by Ben Thornley, Director, InSight at Pacific Community Ventures
The UK government planted the Union Jack squarely at the center of social impact investing at the dedicated G8 meeting June 6 – hosted by Prime Minister David Cameron in concert with Cabinet visionary Nick Hurd, Minister for Civil Society, and Sir Ronald Cohen, who in the space of eight hours was anointed the grandfather, godfather, and architect of social finance.
The fluency of UK policymakers on the societal implications and substance of impact investing was simply breathtaking across all areas and levels of government. The picture of a cohesive and fast-growing social finance field in the UK, anchored in energetic public/private partnership, was a profound lesson on the benefits of pursuing a clear and consistent vision over almost 15 years, through unerring, post-partisan leadership.
The meeting can justifiably claim to have primed the pump for the next few years of work on impact investing. We need only to bottle the collaborative essence of the UK experience – which it must be noted is easier to extract when much of the action is in one city, London. Investing is literally and figuratively more decentralized in the US and other countries, and we like it that way. But it makes mind meld challenging.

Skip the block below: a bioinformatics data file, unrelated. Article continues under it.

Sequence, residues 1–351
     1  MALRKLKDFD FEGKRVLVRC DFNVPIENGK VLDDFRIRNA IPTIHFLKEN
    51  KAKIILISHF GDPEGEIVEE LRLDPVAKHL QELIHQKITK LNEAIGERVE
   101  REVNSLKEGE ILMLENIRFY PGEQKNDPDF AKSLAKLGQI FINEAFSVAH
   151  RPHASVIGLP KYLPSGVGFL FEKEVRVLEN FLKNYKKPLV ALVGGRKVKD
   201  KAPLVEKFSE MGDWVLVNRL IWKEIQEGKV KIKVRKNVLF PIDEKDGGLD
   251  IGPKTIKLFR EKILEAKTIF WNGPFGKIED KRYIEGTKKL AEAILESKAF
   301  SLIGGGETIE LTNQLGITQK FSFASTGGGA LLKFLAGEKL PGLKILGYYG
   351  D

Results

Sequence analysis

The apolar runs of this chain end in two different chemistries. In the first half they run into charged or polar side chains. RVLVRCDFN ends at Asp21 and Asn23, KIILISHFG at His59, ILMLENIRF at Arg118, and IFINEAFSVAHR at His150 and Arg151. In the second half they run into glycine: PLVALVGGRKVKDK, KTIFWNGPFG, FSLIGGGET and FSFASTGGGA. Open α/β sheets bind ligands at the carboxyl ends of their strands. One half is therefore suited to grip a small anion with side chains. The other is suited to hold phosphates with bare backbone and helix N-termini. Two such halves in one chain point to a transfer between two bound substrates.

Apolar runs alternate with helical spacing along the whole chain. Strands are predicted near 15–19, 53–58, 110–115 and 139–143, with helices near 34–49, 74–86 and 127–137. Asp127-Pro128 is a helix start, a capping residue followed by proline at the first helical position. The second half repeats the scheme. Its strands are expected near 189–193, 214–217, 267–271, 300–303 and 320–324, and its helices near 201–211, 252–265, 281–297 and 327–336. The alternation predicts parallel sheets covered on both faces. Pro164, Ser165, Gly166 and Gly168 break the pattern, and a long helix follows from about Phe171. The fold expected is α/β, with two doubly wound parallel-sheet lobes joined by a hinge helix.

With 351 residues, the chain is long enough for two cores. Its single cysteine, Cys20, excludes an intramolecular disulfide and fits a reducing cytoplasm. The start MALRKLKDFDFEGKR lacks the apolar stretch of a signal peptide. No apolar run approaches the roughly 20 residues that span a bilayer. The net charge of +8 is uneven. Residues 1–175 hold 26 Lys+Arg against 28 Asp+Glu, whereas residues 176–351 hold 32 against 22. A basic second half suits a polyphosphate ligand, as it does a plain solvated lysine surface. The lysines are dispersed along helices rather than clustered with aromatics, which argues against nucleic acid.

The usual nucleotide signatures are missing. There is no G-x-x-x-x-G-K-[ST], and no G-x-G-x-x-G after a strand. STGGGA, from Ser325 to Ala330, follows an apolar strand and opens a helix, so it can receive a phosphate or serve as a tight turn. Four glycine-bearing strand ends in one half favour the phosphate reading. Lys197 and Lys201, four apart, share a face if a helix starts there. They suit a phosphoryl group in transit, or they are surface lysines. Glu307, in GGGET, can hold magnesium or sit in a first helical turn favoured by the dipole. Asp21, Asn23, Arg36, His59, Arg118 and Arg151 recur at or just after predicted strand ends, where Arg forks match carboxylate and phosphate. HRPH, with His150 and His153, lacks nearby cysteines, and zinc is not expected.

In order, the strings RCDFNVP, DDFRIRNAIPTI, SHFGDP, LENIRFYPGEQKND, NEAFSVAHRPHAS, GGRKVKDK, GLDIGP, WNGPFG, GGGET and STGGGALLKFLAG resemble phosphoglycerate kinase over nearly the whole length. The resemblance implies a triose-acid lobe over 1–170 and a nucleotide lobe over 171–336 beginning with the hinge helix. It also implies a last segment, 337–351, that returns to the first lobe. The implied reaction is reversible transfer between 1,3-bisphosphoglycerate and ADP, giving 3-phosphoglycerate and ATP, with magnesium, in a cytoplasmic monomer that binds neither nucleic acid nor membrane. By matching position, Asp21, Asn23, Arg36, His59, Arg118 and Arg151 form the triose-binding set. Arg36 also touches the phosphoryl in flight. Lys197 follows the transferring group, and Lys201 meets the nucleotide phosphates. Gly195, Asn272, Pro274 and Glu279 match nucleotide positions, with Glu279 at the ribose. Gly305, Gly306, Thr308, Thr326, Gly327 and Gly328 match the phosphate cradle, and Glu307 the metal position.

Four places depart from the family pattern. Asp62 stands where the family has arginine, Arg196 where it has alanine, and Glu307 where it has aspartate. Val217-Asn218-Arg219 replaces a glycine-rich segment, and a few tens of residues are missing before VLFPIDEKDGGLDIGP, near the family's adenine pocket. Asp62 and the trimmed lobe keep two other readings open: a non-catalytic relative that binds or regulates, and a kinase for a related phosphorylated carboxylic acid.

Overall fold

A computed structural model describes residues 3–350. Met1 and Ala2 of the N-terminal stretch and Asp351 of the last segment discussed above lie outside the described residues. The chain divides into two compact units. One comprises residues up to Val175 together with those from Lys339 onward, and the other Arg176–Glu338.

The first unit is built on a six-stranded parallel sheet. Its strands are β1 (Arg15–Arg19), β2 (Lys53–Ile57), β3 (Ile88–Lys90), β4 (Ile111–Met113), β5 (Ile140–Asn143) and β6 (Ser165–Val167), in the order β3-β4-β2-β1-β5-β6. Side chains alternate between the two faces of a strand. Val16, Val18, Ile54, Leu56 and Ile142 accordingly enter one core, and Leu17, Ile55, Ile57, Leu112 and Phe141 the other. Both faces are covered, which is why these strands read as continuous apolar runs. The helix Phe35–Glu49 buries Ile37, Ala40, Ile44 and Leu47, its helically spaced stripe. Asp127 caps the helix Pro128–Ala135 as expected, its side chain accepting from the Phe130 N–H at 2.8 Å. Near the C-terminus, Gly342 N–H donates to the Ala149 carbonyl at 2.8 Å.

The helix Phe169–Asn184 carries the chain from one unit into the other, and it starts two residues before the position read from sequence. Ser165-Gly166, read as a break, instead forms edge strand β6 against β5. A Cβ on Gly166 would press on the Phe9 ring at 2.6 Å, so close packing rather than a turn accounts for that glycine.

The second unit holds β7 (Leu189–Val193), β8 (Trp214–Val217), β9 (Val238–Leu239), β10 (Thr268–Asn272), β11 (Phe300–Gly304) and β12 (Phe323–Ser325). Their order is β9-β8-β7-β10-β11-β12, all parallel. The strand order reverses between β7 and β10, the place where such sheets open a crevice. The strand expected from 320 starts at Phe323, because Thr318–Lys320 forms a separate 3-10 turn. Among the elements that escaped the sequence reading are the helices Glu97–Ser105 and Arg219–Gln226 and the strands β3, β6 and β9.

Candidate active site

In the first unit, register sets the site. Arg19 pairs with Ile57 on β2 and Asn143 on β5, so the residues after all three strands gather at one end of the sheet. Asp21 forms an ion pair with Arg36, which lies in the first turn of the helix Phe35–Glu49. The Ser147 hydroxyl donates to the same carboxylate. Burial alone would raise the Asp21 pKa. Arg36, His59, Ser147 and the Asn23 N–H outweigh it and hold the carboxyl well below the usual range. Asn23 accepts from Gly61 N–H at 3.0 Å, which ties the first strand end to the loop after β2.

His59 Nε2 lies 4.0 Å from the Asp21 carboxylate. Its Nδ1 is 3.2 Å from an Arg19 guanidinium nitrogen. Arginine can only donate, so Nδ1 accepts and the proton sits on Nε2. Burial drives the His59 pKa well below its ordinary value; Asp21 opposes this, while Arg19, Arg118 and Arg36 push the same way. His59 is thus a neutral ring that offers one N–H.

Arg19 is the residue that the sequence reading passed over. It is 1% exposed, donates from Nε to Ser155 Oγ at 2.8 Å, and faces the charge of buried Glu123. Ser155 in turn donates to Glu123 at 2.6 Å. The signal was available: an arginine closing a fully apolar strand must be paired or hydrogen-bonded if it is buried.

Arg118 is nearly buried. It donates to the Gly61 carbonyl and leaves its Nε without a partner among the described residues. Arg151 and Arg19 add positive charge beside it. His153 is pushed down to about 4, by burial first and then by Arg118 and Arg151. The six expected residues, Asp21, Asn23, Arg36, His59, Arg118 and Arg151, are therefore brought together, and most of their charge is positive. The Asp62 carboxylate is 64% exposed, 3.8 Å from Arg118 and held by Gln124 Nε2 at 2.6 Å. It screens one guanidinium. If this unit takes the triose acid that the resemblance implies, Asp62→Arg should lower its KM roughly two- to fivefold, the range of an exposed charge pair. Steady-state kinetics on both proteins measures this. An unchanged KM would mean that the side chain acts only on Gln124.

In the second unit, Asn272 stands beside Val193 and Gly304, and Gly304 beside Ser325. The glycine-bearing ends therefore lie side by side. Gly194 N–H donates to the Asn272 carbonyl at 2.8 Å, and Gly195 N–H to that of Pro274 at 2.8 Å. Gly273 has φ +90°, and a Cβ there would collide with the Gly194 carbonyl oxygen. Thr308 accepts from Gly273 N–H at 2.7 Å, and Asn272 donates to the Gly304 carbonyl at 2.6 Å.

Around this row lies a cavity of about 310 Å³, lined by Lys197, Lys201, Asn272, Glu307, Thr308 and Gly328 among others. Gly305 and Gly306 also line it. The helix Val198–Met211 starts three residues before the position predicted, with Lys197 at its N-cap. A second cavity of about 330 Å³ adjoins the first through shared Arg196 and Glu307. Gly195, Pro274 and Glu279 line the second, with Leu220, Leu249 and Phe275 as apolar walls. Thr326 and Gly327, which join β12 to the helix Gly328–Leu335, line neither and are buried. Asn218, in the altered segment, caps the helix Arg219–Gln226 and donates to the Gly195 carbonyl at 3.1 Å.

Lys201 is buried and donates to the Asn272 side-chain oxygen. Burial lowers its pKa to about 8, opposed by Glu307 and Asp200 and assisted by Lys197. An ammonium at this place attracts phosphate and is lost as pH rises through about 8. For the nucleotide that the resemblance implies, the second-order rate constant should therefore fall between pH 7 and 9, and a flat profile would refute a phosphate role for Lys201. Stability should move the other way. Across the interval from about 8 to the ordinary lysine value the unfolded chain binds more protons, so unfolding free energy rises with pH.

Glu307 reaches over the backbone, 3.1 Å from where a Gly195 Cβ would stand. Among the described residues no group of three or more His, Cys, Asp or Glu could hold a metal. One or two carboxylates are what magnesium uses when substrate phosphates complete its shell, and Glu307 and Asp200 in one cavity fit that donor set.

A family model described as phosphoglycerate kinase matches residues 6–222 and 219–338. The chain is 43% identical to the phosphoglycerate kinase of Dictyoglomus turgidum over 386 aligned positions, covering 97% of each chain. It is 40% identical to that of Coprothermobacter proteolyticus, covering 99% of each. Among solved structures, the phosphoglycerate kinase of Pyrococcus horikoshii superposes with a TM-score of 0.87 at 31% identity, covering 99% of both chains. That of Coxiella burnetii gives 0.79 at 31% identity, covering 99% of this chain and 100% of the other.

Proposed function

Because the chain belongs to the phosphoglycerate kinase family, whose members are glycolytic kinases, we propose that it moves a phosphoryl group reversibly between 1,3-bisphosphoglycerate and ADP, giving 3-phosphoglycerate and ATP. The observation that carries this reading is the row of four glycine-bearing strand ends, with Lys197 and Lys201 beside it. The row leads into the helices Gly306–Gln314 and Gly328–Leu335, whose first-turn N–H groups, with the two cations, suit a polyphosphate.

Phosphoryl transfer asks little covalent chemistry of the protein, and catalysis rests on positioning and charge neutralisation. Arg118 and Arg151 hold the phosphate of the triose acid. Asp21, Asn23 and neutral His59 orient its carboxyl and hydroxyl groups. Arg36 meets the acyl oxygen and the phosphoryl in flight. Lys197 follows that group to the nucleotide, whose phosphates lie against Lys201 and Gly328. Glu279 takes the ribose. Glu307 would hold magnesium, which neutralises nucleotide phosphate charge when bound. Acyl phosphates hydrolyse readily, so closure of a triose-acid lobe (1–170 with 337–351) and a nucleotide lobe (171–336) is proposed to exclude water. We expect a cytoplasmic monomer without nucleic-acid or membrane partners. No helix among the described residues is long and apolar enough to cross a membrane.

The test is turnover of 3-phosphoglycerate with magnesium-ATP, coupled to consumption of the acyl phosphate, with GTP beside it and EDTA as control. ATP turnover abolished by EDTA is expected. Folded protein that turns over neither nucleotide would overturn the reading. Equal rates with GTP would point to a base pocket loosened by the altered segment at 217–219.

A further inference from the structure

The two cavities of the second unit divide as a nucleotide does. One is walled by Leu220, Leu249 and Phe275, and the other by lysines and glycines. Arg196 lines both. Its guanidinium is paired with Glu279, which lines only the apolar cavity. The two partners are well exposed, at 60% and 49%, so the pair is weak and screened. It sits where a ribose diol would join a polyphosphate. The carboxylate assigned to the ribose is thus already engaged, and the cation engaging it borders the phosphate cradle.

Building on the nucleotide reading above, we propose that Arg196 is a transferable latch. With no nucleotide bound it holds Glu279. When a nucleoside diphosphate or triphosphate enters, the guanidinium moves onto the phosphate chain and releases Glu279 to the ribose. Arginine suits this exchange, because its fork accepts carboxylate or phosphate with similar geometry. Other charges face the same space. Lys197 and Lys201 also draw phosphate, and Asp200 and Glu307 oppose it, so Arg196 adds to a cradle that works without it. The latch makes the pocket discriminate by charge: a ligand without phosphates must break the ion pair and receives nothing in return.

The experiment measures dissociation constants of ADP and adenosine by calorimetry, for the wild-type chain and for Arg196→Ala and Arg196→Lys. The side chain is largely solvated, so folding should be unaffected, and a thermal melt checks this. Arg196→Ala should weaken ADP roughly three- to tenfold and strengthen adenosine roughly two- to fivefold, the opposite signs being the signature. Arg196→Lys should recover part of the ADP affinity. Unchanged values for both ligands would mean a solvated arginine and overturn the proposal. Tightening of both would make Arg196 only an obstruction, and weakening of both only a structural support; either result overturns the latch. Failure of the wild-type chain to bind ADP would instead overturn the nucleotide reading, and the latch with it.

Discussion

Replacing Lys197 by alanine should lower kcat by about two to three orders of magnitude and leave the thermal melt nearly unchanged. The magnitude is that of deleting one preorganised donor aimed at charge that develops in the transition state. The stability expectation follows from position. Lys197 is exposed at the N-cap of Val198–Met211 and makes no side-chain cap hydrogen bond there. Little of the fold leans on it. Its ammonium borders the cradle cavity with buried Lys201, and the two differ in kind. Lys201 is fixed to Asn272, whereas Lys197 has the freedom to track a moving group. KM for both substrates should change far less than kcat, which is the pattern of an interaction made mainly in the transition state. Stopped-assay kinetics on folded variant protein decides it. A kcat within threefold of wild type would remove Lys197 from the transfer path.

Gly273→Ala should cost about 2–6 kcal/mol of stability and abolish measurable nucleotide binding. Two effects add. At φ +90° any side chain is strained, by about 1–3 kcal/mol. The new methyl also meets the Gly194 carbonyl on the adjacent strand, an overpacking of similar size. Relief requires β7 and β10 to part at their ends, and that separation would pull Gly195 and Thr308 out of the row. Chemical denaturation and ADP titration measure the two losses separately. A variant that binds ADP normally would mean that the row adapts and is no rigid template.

Impact investing remains as aspirational as it is tangible, of course. But each convening brings us closer to a consolidated set of challenges and priorities. Here are five takeaways from June 6:
- Definitions: Ambiguity about what impact investing is, and what social enterprise encompasses, remains problematic. It appears that simply having the intent to deliver measurable social or environmental benefits through a purpose-built investment strategy or business model is not sufficiently concise. International development, microfinance, access to capital for charities, social impact bonds, and community investment in infrastructure, housing or SMEs are all just too different. And as Nick O’Donohoe, CEO of Big Society Capital, explained: “We must be able to recognize social enterprise”. Some delegates suggested that an explicit focus on underserved populations may provide additional clarity. Regardless, the related need for segmentation is urgent, as is the importance of transparency and standardization in impact evaluation.
- Patience and focus: Impact investing is nothing short of a revolution, transforming the way the world thinks about money, the purpose of our lives, and the relationships between the global north and south, and the public and private sectors, explained Elizabeth Littlefield, President and CEO of the US Overseas Private Investment Corporation. By extension, we must be patient as we build an ecosystem and a track-record of performance that provides insight into financial and social trade-offs, as investors and policymakers are educated on the tools of impact investing, and as we solve difficult market barriers like the hand-off between early-stage grants and then investments in enterprises.